Just because a given surveillance/warfighting/CNO technology COULD be developed doesn't mean that one should immediately go do it.


The only practical way of making something like this work would be to collect all the photos taken ~2 hours before the bombs went off near the finish line. You could do this by searching Facebook, Twitter, and Instagram for geotags and keywords/hashtags then sorting by date and time. Dump all the photos into a database and do your best to sort by time (duplicates shouldn't be much of a problem). I don't think there would be too many photos, probably less than 5,000. Then see if you can find what the bombs looked like before they went off, then go back and find when they first placed.

If anyone is interested in doing something like this, I can help, so let me know.


Perhaps this could be combined this with the information below and we could search pictures taken prior to the blast for black duffel bags that might contain 6 quart pressure cookers.


I don't really like the idea of putting a lot of photos of traumatized people on internet, photoshit happens, the last thing that those sons, women, family could merit is to be lynched on internet.

...but

If you know or suspect that the bags were black, a reasonable solution that maybe could have success without to blow up all the remains of privacy could be:

1-to create a filter that makes a copy of the originals AND change all colors of the bunch of photos in a named directory to i.e. soft blue... EXCEPT a small range of black tones.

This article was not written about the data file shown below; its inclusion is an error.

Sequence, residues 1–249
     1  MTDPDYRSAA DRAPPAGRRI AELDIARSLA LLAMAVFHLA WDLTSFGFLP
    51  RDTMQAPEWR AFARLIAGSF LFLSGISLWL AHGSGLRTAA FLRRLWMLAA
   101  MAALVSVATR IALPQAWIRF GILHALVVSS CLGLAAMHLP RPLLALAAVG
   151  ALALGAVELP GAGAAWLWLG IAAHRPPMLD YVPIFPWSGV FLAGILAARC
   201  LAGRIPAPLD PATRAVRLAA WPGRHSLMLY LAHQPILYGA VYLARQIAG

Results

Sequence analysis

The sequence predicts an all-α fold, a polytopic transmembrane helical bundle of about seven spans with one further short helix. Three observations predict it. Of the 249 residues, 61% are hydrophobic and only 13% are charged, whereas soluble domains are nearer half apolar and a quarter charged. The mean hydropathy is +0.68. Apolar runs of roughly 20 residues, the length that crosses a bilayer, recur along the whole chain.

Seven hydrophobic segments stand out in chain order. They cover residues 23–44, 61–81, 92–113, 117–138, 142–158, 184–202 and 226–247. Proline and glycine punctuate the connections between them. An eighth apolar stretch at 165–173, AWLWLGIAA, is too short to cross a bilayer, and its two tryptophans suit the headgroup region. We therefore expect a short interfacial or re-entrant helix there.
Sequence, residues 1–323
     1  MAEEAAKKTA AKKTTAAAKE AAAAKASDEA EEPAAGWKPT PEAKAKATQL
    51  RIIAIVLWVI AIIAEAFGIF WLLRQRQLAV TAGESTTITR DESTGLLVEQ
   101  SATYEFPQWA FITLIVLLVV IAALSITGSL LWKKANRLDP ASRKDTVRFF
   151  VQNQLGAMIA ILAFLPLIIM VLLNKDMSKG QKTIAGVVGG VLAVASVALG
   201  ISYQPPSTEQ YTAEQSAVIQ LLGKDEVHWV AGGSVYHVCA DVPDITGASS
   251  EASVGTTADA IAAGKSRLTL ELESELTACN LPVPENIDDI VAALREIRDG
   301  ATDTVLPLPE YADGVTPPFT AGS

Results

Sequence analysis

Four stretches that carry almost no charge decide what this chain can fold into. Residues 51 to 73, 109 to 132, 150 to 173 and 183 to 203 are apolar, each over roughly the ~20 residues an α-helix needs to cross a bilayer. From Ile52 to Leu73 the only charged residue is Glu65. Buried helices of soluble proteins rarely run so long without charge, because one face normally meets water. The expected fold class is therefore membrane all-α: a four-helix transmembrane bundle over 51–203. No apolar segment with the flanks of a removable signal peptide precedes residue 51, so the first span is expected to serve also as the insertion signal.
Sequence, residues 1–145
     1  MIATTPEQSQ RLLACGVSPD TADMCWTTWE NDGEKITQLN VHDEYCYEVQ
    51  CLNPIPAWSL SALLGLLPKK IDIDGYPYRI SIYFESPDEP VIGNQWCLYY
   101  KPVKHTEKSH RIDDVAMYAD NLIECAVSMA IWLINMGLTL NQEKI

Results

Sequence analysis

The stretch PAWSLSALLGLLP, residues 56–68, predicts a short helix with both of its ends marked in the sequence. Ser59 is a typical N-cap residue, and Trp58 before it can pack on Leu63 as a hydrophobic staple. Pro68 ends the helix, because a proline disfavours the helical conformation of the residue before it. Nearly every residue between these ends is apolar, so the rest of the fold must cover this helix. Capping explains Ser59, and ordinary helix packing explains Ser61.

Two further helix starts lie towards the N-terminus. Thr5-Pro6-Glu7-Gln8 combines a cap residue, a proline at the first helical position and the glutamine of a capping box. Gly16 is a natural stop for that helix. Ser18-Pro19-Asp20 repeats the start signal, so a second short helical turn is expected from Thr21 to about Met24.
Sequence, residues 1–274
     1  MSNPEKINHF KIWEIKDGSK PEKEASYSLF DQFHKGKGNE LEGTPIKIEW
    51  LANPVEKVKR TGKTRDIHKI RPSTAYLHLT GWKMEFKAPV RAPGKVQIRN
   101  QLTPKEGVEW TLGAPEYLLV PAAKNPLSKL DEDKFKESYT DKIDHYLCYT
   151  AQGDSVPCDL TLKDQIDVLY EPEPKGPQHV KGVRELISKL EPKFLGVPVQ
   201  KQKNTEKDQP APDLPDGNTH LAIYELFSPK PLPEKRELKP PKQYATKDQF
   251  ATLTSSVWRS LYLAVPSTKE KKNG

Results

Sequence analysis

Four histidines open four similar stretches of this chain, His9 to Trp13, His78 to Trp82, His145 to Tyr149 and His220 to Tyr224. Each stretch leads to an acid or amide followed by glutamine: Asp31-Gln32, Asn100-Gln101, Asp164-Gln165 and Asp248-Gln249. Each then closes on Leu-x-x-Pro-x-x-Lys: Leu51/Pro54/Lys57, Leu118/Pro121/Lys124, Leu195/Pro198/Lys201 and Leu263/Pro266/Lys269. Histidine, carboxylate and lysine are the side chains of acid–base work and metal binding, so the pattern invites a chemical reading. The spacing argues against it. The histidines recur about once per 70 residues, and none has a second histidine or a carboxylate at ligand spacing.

2- Thus, you could check or search then in the bunch with another script what photos have those suspicious black tones. And you could choose to move those photos to a different dir for a preliminary analysis, maybe saving a lot of time.

2- or you could search for photos taken from same place in different times (very frequent in a competition) that have black tones NOT changing of place in a specific time. People moves, claps, node, etc, bags with bombs don't.

3-You could refine the script to permit to enter any desired tone also and mask all the other colors. The goal is to find quickly a bag, but keep the privacy of innocent people and victims that do not deserve this.

I thing that should not be much challenging technically.


They shouldn't be too traumatized in the hours before the blasts ... and that's when we'd be looking for the black duffel bags.


They are traumatized now, that's for sure :-(

To be exposed on internet again and again, or to put pictures of happy friends and members of the family that now are in an hospital will add a lot of unnecessary suffering and probably will enlarge the "satisfaction" of the authors, the "success" of the operation, and I'm writing this with a very angry face.

We have to avoid this.

If you have a photo of the marathon, any photo, not only of the finish line, send this photo to the police.

To care and show respect and love for the victims, dead and alive, should be a priority, in the same level as to put the authors in jail. (only my opinion).


Thanks gusgordan! Can you e-mail me at jon@jonb.org?


A similar technique was used to identify suspects in the 2011 Stanley Cup Riot in Vancouver, Canada.[0] With people using the footage and pictures of the riot and submitting identities to the police. I'd be interested in seeing similar techniques used else where. It seems to have worked extremely well in the case of this specific riot.

[0] https://riot2011.vpd.ca/


This thread reminds me of the "hunt for things on Mars" online tools https://www.zooniverse.org/project/planet_four.

You could basically tag all the specified features in images (in this case it would be faces, bags) and add special comments if you thought you saw something special (a person you recognised, a bag make, an apparent clue).